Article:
How do people torment themselves spiritually?
Mental suffering often goes undetected
Mental illnesses in the narrower sense often manifested themselves in their patients with a variety of behavioral problems, says Voss, listing a few important ones: hyperactivity, screaming, stereotypes (compulsive repetitive movements or expressions), emotional or social withdrawal, apathy, sleeping and eating disorders, pica (Appetite for inedible things such as hair or insects), aggression against oneself or others.
"The intellectual disability and the accompanying psychological problems are often rooted in a common cause, namely brain damage," reports psychiatrist Professor Dr. Michael Seidel, senior physician in the field of disabled assistance at the Bodelschwinghschen Anstalten in Bethel, last June at a capital symposium of the German Society for Psychiatry, Psychotherapy and Neurology (DGPPN) on the subject. However, the problems could often also be traced back to physical illness, medication, changes in the environment and traumatic experiences. “The living conditions can severely destabilize people with intellectual disabilities,” confirms Voss: “Imagine that you cannot get along at all with your job or bed neighbors in the home. But you cannot classify the problem, you cannot make it understandable to third parties and you cannot easily evade it as a guardian. That puts a strain on the psyche. ”For Voss, her personal experiences and studies clearly show:“ Even when people are intellectually restricted, they feel just as mentally distressed as everyone else. So they also need an equally good system of help. "
Abnormal behavior as a call for help
But this assessment does not seem to have spread sufficiently. "Doctors, relatives, carers and therapists often view abnormal behavior as an expression of intellectual disability and not as a cry for help," says Seidel. In addition, psychiatrists did not learn how to deal with the mentally handicapped during their medical studies or specialist training, adds Voss. "In addition, there are problems on the part of the patient, such as a reduced understanding of speech or expression, or a reduced ability to observe themselves." All in all, many of those affected only received psychiatric treatment very late, possibly never, or without a thorough diagnosis they would have side effects Psychotropic drugs quasi immobilized - thus possibly bypassing the underlying disease.
Doctors seem to have long since overlooked not only psychological problems, but also physical ones. Voss and colleagues diagnosed at least one physical illness in almost two thirds of all 1565 patients admitted to the KEH between 2004 and 2008. "Many mentally handicapped people cannot classify pain and other symptoms rationally or verbally articulate them and instead express them atypically in the form of behavioral problems," Voss explains this observation.
Marcel Menzel (name changed), for example, a man in his mid-thirties with Down's syndrome, lost his happiness in 2008 and instead began to scratch the backs of his hands and remove every shirt, T-shirt and sweater that the carers in his living group had put on him. to tear right on the body. After six months, his helpless family doctor referred him to the KEH, where the doctors did not diagnose a psychological problem, but a solid organic one: a badly inflamed gastric mucous membrane densely populated with the Helicobacter pylori bacterium. Menzel received antibacterial and acid-lowering therapy that worked within a few days. Along with the complaints, his behavioral problems also decreased.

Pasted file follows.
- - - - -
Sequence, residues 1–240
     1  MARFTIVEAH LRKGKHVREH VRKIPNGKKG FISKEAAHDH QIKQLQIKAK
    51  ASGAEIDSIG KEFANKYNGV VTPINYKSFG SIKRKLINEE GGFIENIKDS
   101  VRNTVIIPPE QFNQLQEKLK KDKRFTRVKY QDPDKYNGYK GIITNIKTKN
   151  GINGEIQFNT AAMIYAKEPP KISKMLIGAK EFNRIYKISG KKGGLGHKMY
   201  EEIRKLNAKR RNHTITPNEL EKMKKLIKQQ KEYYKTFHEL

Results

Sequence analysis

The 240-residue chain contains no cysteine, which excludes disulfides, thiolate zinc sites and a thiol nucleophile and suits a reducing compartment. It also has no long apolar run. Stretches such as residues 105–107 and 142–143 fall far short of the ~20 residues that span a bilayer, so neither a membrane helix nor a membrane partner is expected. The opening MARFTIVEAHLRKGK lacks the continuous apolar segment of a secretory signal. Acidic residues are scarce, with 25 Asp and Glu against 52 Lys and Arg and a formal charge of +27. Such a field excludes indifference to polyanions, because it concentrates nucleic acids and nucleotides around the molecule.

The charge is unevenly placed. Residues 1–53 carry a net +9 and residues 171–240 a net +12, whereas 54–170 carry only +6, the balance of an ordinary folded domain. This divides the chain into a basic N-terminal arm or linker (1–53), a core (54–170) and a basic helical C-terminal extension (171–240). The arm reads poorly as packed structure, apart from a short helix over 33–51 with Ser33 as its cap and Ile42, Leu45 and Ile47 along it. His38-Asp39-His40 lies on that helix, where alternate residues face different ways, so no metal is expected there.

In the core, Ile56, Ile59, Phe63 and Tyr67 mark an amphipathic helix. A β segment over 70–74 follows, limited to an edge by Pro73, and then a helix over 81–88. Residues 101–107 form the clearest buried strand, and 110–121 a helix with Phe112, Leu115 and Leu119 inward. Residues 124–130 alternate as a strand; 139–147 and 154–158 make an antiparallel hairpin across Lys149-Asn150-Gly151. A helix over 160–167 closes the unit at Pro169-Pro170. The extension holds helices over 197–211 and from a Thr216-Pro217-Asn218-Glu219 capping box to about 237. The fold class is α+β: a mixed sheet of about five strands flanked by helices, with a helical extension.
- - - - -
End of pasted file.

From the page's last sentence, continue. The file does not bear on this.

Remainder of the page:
On the basis of such experiences, Voss and colleagues first carry out an extensive physical examination for each newly admitted patient. Only in the second step do they search for a mental illness in the narrower sense. If possible, they not only ask the patient himself, but also his relatives and caregivers, who know him and his characteristics best, and take a close look at all behavioral problems as the most important symptoms. When and why did they appear for the first time? How often do they take place, how difficult are they, how do they express themselves exactly? Doctors gain information about this by observing patients for several days, often not only on the ward, but also at home, in the home or at work. Special forms are used to document and characterize the behavioral problems. The data flow into the psychiatric examination. This is based on special modifications of catalogs with diagnostic criteria, such as the "International Classification of Diseases" of the World Health Organization in its tenth version (ICD-10), for use with the mentally handicapped.
If no mental illness in the narrower sense can be determined, Voss and colleagues research in the third and last step for possible sources of unrest in the patient's environment. For example, has the familiar home interior changed, did your favorite carer leave, did a new resident come? Perhaps a remedy can be found, put the bed back into its old position, relocate the neighbor. "We should always try to identify and eliminate stress factors rather than remodeling a stressed mentally handicapped person," comments Seidel. Some facts cannot be changed, but they can be managed better through certain rituals under psychological supervision, says Voss. A loss-plagued patient, for example, can visit his former supervisor again at the new workplace and bring him a self-painted farewell picture. It often also proves to be helpful to temporarily reduce the requirements and tasks of the person concerned.